As shown in this diagram, these factories can be concealed easily — either by moving ordinary looking trucks and rail-cars along Iraq’s thousands of miles of highway or track or by parking them in a garage or a warehouse or somewhere in Iraq’s extensive system of underground tunnels and bunkers.
We know that Iraq has at least seven of these mobile, biological agent factories. The truck-mounted ones have at least two or three trucks each. That means that the mobile production facilities are very few — perhaps 18 trucks that we know of. There may be more. But perhaps 18 that we know of. Just imagine trying to find 18 trucks among the thousands and thousands of trucks that travel the roads of Iraq every single day.
It took the inspectors four years to find out that Iraq was making biological agents. How long do you think it will take the inspectors to find even one of these 18 trucks without Iraq coming forward as they are supposed to with the information about these kinds of capabilities.
Ladies and gentlemen, these are sophisticated facilities. For example, they can produce anthrax and botulism toxin. In fact, they can produce enough dry, biological agent in a single month to kill thousands upon thousands of people. A dry agent of this type is the most lethal form for human beings.

Aftermath

One of the trucks the US initially claimed was a mobile bio weapons lab facility

Shortly after the war, US forces did find some trucks that appeared to be mobile bio-weapons facilities. A press release was quickly sent out backing this point
up and numerous Whitehouse officials, including Bush, claimed these were the mobile bio labs that Colin Powell was talking about in his UN speech:

We found the weapons of mass destruction. We found biological laboratories. You remember when Colin Powell stood up in front of the world, and he said, Iraq has got laboratories, mobile labs to build biological weapons. They’re illegal. They’re against the United Nations resolutions, and we’ve so far discovered two.– President Bush

It soon emerged that the two trailers discovered were in fact not mobile weapons labs and an official report was released that gave the reasons why the discovered trucks could not be the bio lab trailers:

  • There was a critical absence of instrumentation for process monitoring and control of the process.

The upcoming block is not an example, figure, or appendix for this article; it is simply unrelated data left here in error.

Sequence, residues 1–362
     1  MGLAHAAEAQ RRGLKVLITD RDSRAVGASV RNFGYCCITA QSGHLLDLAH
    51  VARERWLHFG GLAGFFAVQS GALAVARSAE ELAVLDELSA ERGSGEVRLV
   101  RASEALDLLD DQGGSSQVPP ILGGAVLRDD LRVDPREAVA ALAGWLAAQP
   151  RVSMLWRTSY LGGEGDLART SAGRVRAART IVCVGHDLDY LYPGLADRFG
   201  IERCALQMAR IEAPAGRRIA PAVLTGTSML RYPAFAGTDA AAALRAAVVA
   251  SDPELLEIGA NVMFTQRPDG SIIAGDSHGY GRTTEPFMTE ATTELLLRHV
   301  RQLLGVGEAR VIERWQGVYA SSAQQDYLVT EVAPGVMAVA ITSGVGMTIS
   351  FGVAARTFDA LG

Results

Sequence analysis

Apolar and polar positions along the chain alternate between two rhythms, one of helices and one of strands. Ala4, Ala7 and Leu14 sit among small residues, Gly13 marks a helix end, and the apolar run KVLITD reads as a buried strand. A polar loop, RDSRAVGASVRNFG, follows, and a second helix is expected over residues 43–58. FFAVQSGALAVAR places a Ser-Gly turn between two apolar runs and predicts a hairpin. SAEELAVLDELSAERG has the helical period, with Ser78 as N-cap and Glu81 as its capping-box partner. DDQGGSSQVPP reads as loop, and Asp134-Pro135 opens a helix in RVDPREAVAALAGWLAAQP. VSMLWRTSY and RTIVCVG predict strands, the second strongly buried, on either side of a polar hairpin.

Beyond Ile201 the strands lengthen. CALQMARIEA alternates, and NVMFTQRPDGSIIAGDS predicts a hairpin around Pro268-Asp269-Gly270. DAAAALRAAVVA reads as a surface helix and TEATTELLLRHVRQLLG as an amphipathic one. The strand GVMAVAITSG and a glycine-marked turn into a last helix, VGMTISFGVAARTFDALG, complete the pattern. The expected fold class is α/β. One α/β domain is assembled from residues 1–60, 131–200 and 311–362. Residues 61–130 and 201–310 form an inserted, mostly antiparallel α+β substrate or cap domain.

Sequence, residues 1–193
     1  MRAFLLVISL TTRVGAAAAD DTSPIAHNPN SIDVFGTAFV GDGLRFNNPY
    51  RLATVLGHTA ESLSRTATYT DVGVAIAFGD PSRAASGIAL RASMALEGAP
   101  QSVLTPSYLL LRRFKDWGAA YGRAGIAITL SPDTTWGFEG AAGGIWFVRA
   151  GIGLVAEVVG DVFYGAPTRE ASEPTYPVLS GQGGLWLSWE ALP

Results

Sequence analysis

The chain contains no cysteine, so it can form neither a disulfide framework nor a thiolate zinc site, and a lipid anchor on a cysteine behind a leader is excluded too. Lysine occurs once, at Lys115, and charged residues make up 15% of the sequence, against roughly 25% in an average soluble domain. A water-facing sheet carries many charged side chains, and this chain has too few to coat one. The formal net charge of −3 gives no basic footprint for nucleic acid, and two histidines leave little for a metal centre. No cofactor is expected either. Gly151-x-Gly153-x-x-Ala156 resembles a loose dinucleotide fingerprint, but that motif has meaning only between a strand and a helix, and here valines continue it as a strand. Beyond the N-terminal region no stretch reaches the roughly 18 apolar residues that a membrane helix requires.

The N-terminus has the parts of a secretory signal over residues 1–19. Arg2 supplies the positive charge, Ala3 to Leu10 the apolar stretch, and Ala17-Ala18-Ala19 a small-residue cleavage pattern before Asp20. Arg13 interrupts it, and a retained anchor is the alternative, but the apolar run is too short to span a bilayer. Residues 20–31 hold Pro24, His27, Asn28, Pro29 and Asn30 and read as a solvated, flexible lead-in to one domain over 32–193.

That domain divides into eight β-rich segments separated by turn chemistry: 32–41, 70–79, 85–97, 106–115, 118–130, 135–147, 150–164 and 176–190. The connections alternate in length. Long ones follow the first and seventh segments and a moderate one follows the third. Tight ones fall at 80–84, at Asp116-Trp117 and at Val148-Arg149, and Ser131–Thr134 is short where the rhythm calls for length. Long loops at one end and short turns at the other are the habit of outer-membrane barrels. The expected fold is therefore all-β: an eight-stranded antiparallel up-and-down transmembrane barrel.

• The positioning of the inlets and outlets on the reactor would make even the most basic functions (such as filling completely, emptying completely, and purging completely the vessel) either impractical or impossible to perform.
  • The lack of the ports required to introduce reagents would exacerbate this problem. These aspects of the design alone would render fermentation almost impossible to control.
  • The low-pressure air storage system capacity would be inadequate to provide the volume of compressed air required to operate the fermentation process over a complete aerobic production cycle. In addition, it would not be practical to charge and use the existing compressed gas storage with nitrogen or carbon dioxide for anaerobic fermentation. Similarly, the collection system for effluent gas would be wholly inadequate to deal with the volume of effluent gas produced during a complete production cycle.
  • Harvesting any product would be difficult and dangerous.
  • Back View


    The trucks were in fact what the Iraqi’s claimed them to be for, the production of hydrogen to fill balloons to determine target adjustments for long-range artillery targets. The original technology had been in fact sold to Saddam by a British company, Marconi Command & Control which sold the Iraqi army the Artillery Meteorological System, in 1987.

    After the Speech

    Even the day before the speech Powell and his longtime deputy Larry Wilkerson had doubts on the mobile bio labs. Larry Wilkerson remembers that “Powell and I were both suspicious because there were no pictures of the mobile labs [but the CIA] said: ‘This is it, Mr. Secretary. You can’t doubt this one,'” Powell was later asked to resign and did, announcing his resignation as Secretary of State on Monday, November 15, 2004. In 2005 he told Barbara Walters that he feels, “terrible” about giving the speech and when asked if it tarnished his reputation, Powell said, “Of course it will. It’s a blot. I’m the one who presented it on behalf of the United States to the world, and [it] will always be a part of my record. It was painful. It’s painful now.” On Sept 13, 2004, he told the Senate Governmental Affairs Committee that the intelligence that made up the speech he gave to the UN in 2003 was flawed and that it was, “unlikely that we will find any stockpiles” of WMDs in Iraq.

    Other Political Scandal pictures

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    Fall of Saddam Hussein’s Statue

    Behind the camera: Various Internal Media Organizations
    Where: Baghdad’s Firdus Square, directly in front of the Palestine Hotel where the world’s journalists had been quartered.
    Photo Summary: Crowd of people celebrating the destruction of Saddam’s Statue
    Picture Taken: April 9, 2003

    The 2003 invasion of Iraq, code-named “Operation Iraqi Freedom” by the United States, officially began on March 20, 2003. The stated objective of the invasion was “to disarm Iraq of weapons of mass destruction, to end Saddam Hussein’s support for terrorism, and to free the Iraqi people”. As American forces streamed across the border most of the world thought that Saddam’s regime would quickly collapse but as the weeks past America’s invasion looked to be stalled. The Iraqi Information Minister, Muhammed Saeed al-Sahaf (M.S.S.) ran a successful propaganda program claiming that American forces were being defeated and pushed back. Even as the American forces entered Baghdad M.S.S. asserted that the Iraqis were winning, “The infidels are committing suicide by the hundreds on the gates of Baghdad … As our leader Saddam Hussein said, ‘God is grilling their stomachs in hell.'” Even though his reports were denied by American forces there was a feeling especially in the Arab world that Iraq was putting up more fight than what was expected and maybe even winning. These views were dashed when the now-famous footage of American forces entering Baghdad’s Firdus Square and then began pulling down a huge statue of Saddam without any kind of Iraqi resistance.